Gather for family worship.
Without question, the biggest thing that needed to change in my family had to do with family worship. As the leader, shepherd, and pastor of my home, nothing is more important than gathering my family together to pray and read God’s Word. Family worship is the engine that powers your family. What impact would your ministry at church have if you never read the Bible or prayed as a part of your program? Zero. The same is true at home. Being a spiritual shepherd of your home requires regular time in family prayer and Scripture reading.
Changes at Church
Unfortunately, many church leaders also work in a “corporate culture” which actively works against their ability to prioritize their ministry to their family. Here are some essential conversations to have with your team and with your senior leaders.
Establish the 40-hour baseline.
I know many churches that formally communicate to their ministry staff the expectation of a 55-hour workweek. This is a recipe for disaster. Be prepared for continual staff turnover, burn out, secret sins, lousy marriages, and prodigal children. There are reasons why the 40-hour workweek was the norm in the formerly Christian culture of the United States! It created the opportunity for healthy work and family balance. There will always be the occasional 60-70 hour weeks, but there needs to be a healthy baseline goal. You are not more spiritual or more dedicated to your ministry if you work more hours. In fact, it may mean that you are less spiritual and out of the will of God as you spiritually neglect your marriage and children.
Keep your team accountable.
As you meet with your volunteers and paid staff, is your first concern for them their personal walk with God and their ministry to their own families? Is that your first topic of conversation when you meet with them, or are you so passionate about casting vision for their ministry at church that you are unintentionally leading them to put their secondary ministry (church) ahead of their primary ministry (home)? This is especially important with your paid staff team. One of your primary leadership tasks is to be sure they are not working too many hours.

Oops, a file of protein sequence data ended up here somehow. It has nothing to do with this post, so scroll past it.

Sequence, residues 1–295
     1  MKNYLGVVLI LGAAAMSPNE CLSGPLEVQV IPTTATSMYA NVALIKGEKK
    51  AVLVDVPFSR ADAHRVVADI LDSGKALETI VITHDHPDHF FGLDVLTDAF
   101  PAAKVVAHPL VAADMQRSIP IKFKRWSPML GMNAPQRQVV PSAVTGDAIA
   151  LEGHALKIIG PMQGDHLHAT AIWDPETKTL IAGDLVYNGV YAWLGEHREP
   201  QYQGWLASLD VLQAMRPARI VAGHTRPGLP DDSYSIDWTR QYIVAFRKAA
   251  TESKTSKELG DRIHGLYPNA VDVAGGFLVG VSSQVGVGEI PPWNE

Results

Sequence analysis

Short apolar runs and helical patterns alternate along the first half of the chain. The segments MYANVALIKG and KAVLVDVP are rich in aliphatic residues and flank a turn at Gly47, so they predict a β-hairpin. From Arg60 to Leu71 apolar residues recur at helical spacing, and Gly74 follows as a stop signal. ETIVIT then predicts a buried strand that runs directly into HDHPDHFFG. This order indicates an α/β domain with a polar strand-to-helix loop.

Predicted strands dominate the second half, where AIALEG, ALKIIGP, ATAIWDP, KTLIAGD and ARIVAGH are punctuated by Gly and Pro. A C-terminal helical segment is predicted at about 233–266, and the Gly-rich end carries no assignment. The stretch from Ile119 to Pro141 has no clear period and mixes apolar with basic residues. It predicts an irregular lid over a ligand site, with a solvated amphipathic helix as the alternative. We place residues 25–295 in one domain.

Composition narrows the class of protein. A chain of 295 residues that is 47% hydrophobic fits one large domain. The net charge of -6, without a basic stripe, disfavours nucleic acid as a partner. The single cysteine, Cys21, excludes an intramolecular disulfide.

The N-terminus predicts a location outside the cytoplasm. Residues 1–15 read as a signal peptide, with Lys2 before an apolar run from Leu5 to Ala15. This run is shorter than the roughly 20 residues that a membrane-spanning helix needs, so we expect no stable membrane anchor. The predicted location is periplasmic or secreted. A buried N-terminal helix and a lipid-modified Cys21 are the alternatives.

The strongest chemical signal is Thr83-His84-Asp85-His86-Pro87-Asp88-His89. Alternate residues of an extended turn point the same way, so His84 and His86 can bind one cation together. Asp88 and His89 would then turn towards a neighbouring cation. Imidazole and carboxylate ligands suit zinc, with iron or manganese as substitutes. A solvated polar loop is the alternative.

It has to be a constant topic of conversation.
Have an authentic ministry.
The banker can get a divorce and still bank. The salesman can be addicted to porn and still sell. The teacher can have rebellious children and still teach. But for ministers to please God and “succeed” in our work, we must walk with Him, grow in godliness, prioritize our marriages, and shepherd our children. We cannot lead people in a direction we are not going ourselves. The authenticity for our ministry is proven in our homes.
Leading family ministry at church is a piece of cake compared to engaging in family ministry in our own homes. You will not get awards, columns in the church newsletter, or thank you notes for honoring your parents, prioritizing your spouse, caring for your siblings, and shepherding your children. The senior pastor probably won’t call you up front during the church service to thank you for your ministry in those areas. But one day you will hear, “Well done, my good and faithful servant.”